When writing a press release, it’s important to keep in mind the do’s and don’ts. After all, they can make all the difference in whether or not that busy reporter you’re targeting narrows in on your blood and sweat or simply tosses it in the virtual trashcan. To help keep you on track, we’ve compiled the top surefire ways to catch the eye and prevent immediate deletion.
Appeal to your audience.
Like all forms of writing, your first step in writing the perfect press release is to keep in mind who will be reading your work. More often than not it’s a busy reporter or calendar editor who is opening their inbox to a flood of emails bidding for their time.
Give some love to the subject line.
This is the first thing your audience will see, so it shouldn’t be overlooked. The inverted pyramid of writing starts with the subject line on your email blast, not the email message itself. You want the to strike the perfect balance with being straightforward yet enticing. Save the extra description for the meat of your release, but let them know why they should care to open your email.
- Lackluster subject: Announcing Our New Cupcake Flavor.
- Better: Rich Butter Cream Cupcakes Now Up for Grabs.
Provide all the facts, fast.
Again, your audience should be in the back of your head throughout the entire writing process. Your reader is likely in a hurry to get through their endless emails, and they are just looking for a reason to weed out the unnecessary—so don’t give them one. “Here is my subject matter, this is why you care, and what additional information can I provide you to make your job easier.” The more well written it is, the more they can pull from your release to their article—equaling less work for them, and that make a busy writer happy.
Keep the fluff and extra descriptive words to a minimum.
Reporters appreciate less weed work to get to what they need to know, and that involves not being bombarded with trails of cheesy descriptive words. Too often in the PR world we throw out an excess of adjectives that just end up screaming overcompensation. We want to sell our story or product, but there’s a fine line to be walked.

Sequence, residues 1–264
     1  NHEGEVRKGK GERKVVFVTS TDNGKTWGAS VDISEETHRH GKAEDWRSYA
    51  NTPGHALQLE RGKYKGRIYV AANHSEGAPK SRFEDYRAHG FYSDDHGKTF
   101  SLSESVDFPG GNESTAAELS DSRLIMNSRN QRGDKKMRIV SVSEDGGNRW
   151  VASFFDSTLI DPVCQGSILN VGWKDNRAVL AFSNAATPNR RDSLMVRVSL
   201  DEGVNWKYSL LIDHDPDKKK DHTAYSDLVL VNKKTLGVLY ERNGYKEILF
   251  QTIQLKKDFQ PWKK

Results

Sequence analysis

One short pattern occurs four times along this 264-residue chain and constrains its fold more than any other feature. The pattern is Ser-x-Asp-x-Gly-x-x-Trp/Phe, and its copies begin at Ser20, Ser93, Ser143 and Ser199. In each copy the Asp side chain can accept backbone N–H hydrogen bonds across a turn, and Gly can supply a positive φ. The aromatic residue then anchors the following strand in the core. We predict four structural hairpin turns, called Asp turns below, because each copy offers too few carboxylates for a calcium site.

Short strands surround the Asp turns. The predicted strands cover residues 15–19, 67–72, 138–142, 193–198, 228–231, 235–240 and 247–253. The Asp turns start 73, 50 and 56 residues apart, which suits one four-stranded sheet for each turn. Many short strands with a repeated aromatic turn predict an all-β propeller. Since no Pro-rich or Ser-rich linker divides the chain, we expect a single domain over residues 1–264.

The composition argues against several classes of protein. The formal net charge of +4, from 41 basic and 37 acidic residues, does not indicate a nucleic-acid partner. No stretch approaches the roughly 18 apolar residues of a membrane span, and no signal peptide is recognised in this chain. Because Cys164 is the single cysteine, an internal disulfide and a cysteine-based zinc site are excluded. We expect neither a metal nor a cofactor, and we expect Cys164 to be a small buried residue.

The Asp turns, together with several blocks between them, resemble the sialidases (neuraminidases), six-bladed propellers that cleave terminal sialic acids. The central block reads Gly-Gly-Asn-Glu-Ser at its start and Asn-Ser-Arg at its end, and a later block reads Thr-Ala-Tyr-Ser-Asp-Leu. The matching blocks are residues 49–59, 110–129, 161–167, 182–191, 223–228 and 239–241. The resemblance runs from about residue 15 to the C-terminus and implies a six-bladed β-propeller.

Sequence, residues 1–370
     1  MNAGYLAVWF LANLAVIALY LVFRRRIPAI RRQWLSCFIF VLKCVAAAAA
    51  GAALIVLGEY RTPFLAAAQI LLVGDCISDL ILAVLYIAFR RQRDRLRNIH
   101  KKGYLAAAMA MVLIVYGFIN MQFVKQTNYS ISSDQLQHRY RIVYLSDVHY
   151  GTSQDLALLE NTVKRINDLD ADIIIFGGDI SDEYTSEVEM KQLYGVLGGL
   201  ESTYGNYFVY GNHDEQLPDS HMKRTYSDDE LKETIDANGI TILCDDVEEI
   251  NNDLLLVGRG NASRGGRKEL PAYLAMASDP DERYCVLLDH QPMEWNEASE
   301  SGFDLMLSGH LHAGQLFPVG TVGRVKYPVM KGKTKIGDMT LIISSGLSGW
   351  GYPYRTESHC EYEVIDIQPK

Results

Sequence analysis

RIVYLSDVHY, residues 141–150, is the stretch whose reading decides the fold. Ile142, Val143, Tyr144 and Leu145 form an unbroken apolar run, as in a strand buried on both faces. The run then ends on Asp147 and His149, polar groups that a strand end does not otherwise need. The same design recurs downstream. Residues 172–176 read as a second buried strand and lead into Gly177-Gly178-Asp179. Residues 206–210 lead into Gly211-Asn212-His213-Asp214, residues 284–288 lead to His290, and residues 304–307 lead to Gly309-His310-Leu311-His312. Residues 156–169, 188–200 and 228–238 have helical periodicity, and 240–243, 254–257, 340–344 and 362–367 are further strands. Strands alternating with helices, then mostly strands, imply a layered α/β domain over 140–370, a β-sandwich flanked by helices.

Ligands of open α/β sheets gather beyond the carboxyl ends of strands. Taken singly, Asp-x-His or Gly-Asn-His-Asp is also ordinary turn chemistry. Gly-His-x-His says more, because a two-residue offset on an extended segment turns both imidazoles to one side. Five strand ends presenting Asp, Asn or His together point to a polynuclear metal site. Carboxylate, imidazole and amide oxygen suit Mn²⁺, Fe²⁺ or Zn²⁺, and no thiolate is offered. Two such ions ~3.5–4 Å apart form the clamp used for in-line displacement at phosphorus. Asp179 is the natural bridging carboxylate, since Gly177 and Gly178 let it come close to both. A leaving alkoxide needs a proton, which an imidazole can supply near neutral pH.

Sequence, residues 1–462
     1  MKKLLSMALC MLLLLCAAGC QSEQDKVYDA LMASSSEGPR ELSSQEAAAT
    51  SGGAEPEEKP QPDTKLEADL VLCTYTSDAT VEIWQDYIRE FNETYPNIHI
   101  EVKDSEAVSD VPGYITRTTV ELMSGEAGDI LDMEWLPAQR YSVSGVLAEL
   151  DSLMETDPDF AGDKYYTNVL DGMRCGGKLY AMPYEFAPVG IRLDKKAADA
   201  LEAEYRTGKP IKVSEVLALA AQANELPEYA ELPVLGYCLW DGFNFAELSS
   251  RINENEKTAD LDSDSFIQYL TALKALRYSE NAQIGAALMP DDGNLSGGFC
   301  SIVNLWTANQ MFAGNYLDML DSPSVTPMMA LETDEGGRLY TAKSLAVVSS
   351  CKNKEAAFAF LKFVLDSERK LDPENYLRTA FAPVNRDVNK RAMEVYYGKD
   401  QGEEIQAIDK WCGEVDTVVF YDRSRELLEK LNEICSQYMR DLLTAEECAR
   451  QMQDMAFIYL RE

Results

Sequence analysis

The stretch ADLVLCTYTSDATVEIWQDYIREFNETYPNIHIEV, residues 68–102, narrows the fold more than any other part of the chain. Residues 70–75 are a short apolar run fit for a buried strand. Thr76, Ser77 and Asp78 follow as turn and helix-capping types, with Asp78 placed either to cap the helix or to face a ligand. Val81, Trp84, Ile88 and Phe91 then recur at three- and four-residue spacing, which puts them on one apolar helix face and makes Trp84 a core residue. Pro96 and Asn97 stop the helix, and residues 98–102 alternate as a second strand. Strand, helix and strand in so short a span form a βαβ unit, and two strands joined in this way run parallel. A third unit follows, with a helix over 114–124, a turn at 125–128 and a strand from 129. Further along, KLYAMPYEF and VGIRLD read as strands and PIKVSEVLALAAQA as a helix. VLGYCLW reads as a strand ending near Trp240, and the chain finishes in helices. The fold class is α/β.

- Example of what not to do: These deliciously succulent pillows of sugary bliss will tantalize your taste buds.
- Better: Our new butter cream cupcakes are rich with flavor and sure to make your day a bit more decadent.
The first oversaturates the reader (to say the least), the second still promotes your product but uses real language in between the sell words.
When it comes to style, stick to the basics.
Remember, you want your press release to be fun to read and stimulating to the reader to whom you’re pitching, but you are still writing a professional correspondence that is representing not only yourself and your company, but your client as well. With this in mind, the basics are best for styling your release—readable, universal font such as Cambria or Times New Roman, in a default font size such as 12pt. And like the little black dress, black font never goes out of style. Tone is also important. You’re talking to your reader and it’s ok to be enthusiastic at points, but you should never be screaming every sentence! To that point, one exclamation point always does the trick, save the multiple marks for your tweet on how excited you are the Giants won!!! Simply put, you’re not in middle school writing a gossip note to your best friend. Squiggly “fun” additions such as *~* should never have a place. AlTeRnAtInG tExT should go without saying. And colorful headlines are for your crayon box days.
Now, go write that pitch perfect press release.